As the summer winds down and kids gear up for a new school season, parents have a lot on their plates. It’s time to stock up on pens, notebooks, and maybe a new calculator. However, one of the most valuable learning tools that children have at their disposal is often overlooked—their eyes.
Considering that roughly 80 percent of the information a child absorbs in the classroom is done visually, it makes sense that Prevent Blindness America (PBA) designates August as Children’s Eye Health and Safety Month. (All About Vision)
Even if your children aren’t old enough for school (especially, in fact!), there’s no better time to familiarize yourself with the many ways to maintain your children’s eye health.
Seeing a difference in school performance
Children who are underperforming in school or seem frustrated and disinterested in learning might simply be having difficulty reading the blackboard or efficiently scanning the words in books. A few warning signs of vision problems include:
- Reports of headaches or eyes hurting
- Blurred or double vision
- Avoidance of reading or work requiring close sight
- Frequently rubbing or blinking eyes
- Attempting to use only one eye when reading or performing a task
- Trouble remembering words or confusing them with similar ones
- Trouble identifying shapes
The vision issues that might affect a child’s school performance can be varied and may not be as simple as nearsightedness or astigmatism. If you suspect your child may have vision-related learning issues, plan a visit to your eye doctor. Even if your child is doing well in school, routine comprehensive eye exams are an essential part of maintaining your children’s overall health.
How important are eye exams for kids?
Sight is one of the most important senses to a child’s development. Within the first few months of a child’s life, their eyesight develops rapidly—the eyes help a child to crawl, identify familiar shapes and faces, and develop eye-hand coordination. (AOA)
Eyes grow and change quickly as children age, and vision problems can usually be managed or even reversed if caught early. If ignored, however, potential eye problems can lead to many complications down the road. Vision issues can result in poor socializing, difficulty in sports or other hobbies, and can adversely affect a child’s performance in school.
In a survey by the Vision Counsel, thousands of parents were asked why they hadn’t taken their children for a recent eye exam. Sixty-two percent stated that their children “don’t need one.” Another 34 percent responded that their children were “too young for vision problems.”
When to begin eye exams
As we’ve mentioned, it’s best to catch vision problems early. However, complications in vision can develop throughout childhood, so regular screenings might be necessary. How early is too early for an exam? And how often is too often? The American Academy of Ophthalmology (AAO) suggests the following schedule:
A relatively simple exam can be performed to detect any possible vision issues when a child is born. A more comprehensive exam might be necessary if the child is premature or has experienced other health issues or abnormalities.
6 months–1 year
AAO recommends children have their first comprehensive eye exam between 6 months and 1 year of age.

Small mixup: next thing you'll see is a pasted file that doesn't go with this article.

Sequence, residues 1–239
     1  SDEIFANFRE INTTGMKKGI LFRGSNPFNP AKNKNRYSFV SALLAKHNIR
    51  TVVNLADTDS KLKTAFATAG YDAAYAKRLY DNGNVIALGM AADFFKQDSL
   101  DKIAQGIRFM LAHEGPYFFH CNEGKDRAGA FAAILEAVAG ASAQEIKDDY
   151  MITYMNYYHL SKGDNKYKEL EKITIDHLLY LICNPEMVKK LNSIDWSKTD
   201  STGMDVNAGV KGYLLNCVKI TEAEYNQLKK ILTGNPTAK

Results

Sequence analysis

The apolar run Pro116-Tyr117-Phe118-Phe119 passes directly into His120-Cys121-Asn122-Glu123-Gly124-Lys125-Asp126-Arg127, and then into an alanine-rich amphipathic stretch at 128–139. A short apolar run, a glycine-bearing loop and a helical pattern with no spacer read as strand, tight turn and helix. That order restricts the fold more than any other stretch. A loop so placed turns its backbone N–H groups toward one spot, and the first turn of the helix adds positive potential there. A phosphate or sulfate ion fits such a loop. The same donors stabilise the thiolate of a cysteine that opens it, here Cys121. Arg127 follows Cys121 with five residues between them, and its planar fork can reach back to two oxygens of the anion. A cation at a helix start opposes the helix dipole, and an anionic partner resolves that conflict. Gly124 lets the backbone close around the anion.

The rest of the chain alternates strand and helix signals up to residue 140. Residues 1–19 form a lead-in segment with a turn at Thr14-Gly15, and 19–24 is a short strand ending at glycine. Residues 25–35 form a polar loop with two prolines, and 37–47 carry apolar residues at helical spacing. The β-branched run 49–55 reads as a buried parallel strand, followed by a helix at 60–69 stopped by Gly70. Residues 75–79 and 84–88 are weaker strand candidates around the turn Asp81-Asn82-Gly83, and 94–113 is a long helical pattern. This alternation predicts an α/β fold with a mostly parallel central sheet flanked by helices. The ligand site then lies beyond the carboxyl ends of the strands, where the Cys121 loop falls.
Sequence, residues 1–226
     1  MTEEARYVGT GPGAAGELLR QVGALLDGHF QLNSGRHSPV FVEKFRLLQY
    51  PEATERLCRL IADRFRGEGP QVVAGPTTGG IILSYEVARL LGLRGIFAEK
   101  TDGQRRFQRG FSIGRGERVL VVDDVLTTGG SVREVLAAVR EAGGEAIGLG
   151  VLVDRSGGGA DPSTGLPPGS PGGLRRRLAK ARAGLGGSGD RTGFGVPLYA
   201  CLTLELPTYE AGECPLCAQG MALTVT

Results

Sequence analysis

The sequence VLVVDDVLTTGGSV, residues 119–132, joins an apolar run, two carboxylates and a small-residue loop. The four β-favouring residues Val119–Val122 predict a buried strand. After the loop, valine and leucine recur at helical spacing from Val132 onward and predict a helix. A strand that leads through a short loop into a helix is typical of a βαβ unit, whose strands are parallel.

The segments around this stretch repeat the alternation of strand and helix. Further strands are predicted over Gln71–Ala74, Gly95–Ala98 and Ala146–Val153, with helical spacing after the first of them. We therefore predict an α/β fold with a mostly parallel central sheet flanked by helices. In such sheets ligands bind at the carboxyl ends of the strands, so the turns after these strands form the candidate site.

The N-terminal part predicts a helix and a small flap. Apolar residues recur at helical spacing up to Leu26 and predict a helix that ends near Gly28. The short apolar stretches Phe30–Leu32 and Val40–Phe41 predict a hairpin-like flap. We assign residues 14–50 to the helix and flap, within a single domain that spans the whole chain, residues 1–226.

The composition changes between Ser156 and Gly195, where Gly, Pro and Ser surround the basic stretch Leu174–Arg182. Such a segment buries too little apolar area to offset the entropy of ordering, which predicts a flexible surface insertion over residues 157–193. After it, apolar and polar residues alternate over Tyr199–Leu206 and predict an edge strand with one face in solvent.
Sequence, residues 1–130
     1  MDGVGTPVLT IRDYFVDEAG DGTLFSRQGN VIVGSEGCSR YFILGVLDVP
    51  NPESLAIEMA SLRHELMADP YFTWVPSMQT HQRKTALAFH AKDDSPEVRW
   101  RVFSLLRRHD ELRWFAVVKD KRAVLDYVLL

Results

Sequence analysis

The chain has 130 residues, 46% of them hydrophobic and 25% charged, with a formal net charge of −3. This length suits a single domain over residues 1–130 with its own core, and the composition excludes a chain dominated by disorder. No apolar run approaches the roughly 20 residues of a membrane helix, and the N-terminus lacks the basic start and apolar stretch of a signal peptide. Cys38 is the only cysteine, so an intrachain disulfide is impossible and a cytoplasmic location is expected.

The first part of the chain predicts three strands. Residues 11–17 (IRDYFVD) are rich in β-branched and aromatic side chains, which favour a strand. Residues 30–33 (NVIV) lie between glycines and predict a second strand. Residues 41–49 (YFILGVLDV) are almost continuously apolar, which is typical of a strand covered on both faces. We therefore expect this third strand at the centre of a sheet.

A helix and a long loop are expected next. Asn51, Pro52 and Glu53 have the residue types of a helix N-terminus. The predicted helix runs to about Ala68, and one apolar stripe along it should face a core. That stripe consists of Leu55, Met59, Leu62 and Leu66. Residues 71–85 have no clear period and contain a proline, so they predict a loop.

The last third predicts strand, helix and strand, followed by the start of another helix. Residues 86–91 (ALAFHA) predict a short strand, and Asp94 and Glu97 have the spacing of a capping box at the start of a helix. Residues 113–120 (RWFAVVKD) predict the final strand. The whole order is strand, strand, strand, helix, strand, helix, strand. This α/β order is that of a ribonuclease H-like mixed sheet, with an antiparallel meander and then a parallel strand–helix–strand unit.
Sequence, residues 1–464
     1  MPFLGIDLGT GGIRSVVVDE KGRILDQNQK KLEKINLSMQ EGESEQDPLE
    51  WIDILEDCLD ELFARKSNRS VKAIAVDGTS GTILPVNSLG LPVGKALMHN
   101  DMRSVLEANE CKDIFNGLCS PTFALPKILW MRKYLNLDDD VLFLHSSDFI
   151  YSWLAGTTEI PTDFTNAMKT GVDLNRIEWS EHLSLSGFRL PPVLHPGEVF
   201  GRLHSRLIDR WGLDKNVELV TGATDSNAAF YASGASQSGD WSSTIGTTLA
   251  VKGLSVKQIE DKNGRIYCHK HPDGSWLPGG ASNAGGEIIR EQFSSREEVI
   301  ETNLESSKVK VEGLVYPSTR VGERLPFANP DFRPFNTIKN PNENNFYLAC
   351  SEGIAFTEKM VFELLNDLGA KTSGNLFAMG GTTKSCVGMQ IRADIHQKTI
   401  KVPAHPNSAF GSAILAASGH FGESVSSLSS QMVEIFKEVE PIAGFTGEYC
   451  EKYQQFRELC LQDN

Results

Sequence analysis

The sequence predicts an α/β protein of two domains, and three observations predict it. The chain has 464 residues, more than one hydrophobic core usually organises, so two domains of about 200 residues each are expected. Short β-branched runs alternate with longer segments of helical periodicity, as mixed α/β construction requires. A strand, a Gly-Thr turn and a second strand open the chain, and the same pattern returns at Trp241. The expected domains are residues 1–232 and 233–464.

Around 3 years
A third exam around 3 years of age is suggested for visual acuity testing. At this age, it’s possible to diagnose focusing problems.
Entering School (around 5 or 6)
AAO recommends another exam once a child is ready to enter school. Schedule future exams every two years unless a child has developed issues or displays evidence of an issue. In that case, follow your eye doctor’s recommendation.
Vision Screenings versus Eye Exams
Some schools and other organizations offer vision screenings, which test only a few aspects of eye function. Screenings don’t cover all vision problems; they complement—not replace—comprehensive eye exams.
Although rare, a comprehensive eye exam can actually lead to the diagnosis of issues affecting other parts of the body. Through the eye, a doctor is allowed a view of blood vessels, connecting tissue, and nerves that would otherwise be impossible to survey without surgery. Thanks to the interconnectedness of the body, this unique access can provide clues to diseases that might otherwise go undetected.
How parents can ace their child’s eye exams
Visits to the doctor can be difficult with kids. If one of the reasons you forgo eye exams is the hassle, then check out these tips to make the process go more smoothly:
Such frequent, comprehensive eye exams might seem unnecessary, but they are essential for finding and addressing problems before they worsen. If you are concerned about the cost of such exams and/or do not have vision insurance, you can look into programs that provide financial aid for vision care on the Prevent Blindness website.
- ”Learning-Related Vision Problems.” All About Vision. 2016.
- ”Infant Vision: Birth to 24 Months of Age.” American Optometric Association. 3 Aug 2016.
- ”January 2014 Vision Council Visionwatch Parent Child Vision Care Report.” The Vision Council. 2014.
- ”Eye Exams for Children.” All About Vision. 2015.
- ”Eye Screening for Children.” American Academy of Ophthalmology. 4 Aug 2014.
- ”Preschool Vision: 2 to 5 Years of Age.” American Optometric Association. 2016.
- ”“Vision Problems Of Schoolchildren.” All About Vision. 2016.
- ”Beating Marfan Syndrome.” American Academy of Ophthalmology. 29 Jul 2016.
- ”Protect Your Child from Eye Injuries.” Prevent Blindness. 2016.
- ”Choosing UV Protection.” Prevent Blindness. 2016.
- ”40 Minutes a Day Outside May Reduce Nearsightedness in Kids.” American Academy of Ophthalmology. 21 Sept 2015.
- ”Protecting young children from eye injuries at home and at play.” Prevent Blindness. 2016.